Investment scams are almost exclusively pitched online to unwary inexperienced victims, frequently in the form of advertising, although the victim may not recognise the "too good to be true" investment opportunity as a paid-for advertisement. The Online Safety Bill, confirmed in the Queen's speech earlier this year, purported to address the online harms leading to investment fraud.  Regrettably, the Bill does not include any actions to protect consumers from the dangers of scams being promoted by paid-for advertising dressed up as legitimate opportunities. 

A wide range of organisations and high-profile figures, including the Financial Conduct Authority (FCA)  the governor of the Bank of England  TheCityUK an industry-led body representing UK-based financial and related professional services and Innovate Finance the voice of global FinTech have all lobbied the government in an attempt to persuade the government to look again at the Bill and rectify the omission with regard to investment fraud in the form of paid-for advertising online.  The chair of the Treasury Committee, Mel Stride also expressed disappointment that the government had not included fraudulent advertising in the Online Safety Bill.

The lawyers in Giambrone & Partners' banking and financial litigation team recognise that the FCA has stepped up its efforts to pursue fraudsters by tackling online platforms that accept paid-for advertisements from financial fraudsters now that the UK is free of the EU laws that hampered such action. 

Investors, particularly novice investors, should be wary of any investment opportunity that has an almost immediate cut-off time limit, an investment where you are urged to act on immediately is likely to be a scam.  There are a number of markers in the approach to an online investment that may indicate that it is a scam:

·Urgency – if you are being rushed to take up an opportunity it is likely to be a scam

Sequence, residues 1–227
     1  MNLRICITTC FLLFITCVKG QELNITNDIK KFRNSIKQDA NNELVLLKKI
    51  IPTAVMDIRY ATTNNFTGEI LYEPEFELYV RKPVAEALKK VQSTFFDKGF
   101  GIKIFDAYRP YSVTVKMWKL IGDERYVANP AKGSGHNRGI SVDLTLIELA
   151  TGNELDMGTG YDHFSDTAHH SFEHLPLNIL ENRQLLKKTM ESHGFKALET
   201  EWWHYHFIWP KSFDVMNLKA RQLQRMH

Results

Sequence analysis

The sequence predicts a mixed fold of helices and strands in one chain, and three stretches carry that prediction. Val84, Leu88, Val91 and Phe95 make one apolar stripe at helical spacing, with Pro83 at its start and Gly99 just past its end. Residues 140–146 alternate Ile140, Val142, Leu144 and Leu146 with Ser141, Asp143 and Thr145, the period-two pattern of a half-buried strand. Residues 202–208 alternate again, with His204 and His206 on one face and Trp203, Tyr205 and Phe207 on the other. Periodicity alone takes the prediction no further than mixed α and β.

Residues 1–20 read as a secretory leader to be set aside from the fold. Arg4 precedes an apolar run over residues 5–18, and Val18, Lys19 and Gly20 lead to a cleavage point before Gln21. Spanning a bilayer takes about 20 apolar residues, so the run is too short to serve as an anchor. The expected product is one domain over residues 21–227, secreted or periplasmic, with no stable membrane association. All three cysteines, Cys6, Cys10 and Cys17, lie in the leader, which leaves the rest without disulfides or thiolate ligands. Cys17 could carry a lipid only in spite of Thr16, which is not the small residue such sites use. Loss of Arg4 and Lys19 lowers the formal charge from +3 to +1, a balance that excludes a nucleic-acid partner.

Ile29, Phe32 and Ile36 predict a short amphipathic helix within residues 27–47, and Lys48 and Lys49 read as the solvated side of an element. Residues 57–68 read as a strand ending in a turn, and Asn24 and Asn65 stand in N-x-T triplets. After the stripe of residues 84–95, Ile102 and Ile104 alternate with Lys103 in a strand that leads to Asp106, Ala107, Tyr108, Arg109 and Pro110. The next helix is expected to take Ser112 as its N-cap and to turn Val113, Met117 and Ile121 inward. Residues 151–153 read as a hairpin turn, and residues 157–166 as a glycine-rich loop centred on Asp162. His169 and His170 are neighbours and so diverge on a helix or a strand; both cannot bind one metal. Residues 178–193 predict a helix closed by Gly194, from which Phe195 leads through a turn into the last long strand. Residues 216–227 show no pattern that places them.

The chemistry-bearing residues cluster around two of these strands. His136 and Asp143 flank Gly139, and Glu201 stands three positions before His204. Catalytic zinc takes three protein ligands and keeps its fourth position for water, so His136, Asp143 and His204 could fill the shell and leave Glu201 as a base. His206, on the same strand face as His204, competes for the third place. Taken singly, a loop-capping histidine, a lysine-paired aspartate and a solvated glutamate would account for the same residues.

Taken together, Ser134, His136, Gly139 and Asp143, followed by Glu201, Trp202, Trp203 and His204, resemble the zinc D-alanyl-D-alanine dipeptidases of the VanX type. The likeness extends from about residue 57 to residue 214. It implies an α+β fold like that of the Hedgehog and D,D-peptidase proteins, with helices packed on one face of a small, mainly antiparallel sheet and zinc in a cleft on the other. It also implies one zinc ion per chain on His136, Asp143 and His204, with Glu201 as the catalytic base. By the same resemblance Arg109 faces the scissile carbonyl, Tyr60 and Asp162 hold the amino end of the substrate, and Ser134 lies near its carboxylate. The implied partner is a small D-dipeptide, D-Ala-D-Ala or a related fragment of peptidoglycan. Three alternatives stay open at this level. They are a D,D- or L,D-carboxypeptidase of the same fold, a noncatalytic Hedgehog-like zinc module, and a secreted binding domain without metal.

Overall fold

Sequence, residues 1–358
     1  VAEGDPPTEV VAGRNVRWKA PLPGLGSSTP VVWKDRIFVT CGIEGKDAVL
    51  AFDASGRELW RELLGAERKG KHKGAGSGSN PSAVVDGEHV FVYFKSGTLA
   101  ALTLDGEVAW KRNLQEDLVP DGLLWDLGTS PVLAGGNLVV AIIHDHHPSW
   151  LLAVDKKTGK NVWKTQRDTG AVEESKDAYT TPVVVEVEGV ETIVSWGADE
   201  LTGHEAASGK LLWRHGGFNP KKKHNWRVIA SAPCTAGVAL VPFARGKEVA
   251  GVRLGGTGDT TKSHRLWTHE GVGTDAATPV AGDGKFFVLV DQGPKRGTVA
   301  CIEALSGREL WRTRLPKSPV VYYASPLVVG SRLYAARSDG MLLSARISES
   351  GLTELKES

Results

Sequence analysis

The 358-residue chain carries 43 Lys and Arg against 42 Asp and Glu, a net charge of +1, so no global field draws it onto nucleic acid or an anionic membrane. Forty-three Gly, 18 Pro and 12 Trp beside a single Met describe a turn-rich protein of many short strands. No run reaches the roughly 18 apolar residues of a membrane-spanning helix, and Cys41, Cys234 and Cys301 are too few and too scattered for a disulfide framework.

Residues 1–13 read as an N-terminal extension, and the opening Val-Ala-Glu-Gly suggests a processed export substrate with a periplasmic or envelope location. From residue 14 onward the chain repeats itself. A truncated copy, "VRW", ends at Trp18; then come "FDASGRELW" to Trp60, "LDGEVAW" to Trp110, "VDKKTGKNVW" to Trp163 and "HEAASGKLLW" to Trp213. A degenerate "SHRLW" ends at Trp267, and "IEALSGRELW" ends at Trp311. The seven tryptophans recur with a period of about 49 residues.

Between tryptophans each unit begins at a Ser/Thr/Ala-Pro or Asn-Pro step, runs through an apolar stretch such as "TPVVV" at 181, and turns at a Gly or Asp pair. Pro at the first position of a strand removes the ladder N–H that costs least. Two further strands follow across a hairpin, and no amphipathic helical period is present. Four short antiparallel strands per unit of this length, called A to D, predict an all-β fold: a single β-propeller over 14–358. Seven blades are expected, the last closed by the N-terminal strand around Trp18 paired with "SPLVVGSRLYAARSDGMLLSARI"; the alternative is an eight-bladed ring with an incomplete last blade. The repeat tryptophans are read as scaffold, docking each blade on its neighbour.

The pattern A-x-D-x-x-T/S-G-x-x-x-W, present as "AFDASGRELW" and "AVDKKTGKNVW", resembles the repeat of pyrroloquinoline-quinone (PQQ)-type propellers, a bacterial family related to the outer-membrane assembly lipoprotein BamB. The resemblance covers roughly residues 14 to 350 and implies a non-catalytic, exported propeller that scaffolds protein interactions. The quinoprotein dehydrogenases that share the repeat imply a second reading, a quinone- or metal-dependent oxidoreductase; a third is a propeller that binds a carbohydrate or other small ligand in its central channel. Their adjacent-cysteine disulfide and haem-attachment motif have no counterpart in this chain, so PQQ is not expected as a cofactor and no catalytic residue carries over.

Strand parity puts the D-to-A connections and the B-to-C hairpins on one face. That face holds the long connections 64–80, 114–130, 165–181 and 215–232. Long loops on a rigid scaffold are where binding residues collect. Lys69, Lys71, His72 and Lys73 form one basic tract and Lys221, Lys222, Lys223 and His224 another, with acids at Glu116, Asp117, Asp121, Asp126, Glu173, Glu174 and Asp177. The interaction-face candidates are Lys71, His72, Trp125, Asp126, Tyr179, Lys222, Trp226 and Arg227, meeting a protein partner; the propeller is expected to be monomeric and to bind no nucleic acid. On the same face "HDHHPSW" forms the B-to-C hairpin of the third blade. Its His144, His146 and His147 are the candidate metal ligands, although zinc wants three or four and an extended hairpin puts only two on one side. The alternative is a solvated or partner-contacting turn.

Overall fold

·Do you know the organisation or broker you are dealing with?

·Check the regulatory status of the organisation with the FCA. If it is active in the UK and not regulated FCA you are not protected by the Financial Services Compensation Scheme (FSCS)

·Can you freely access your money?

·Are the negatives explained as well as the benefits?

·Is there clarity regarding the risks to your money?

·Is it suggested that your investment is protected, secured or in some way guaranteed against risk and does it explain how this is achieved?

·Is there the suggestion that the FCA endorses the product or investment opportunity?  If so it is likely to be a scam as the FCA does not promote opportunities, it simply authorises an organisation's regulatory status.

If you have any reservations about the investment opportunity it is best not to go forward, even if you are reassured by an account manager or broker. 

The chief executive of UK Finance, an organisation that represents approximately 300 banks, David Postings points out "as more of us have shifted online because of the pandemic, we've seen a spike in money mule activity, investment and purchase scams over the last year because criminals can target people directly in their homes across online platforms."

Giambrone's banking and financial litigation team commented that the criminals behind investment fraud are highly adaptive and change their tactics frequently when they see an opportunity.  By omitting paid-for investment scam advertising from the Online Safety Bill it opens the door to large scale scams where consumers will lose untold amounts of money.

The content of this article is intended to provide a general guide to the subject matter. Specialist advice should be sought about your specific circumstances.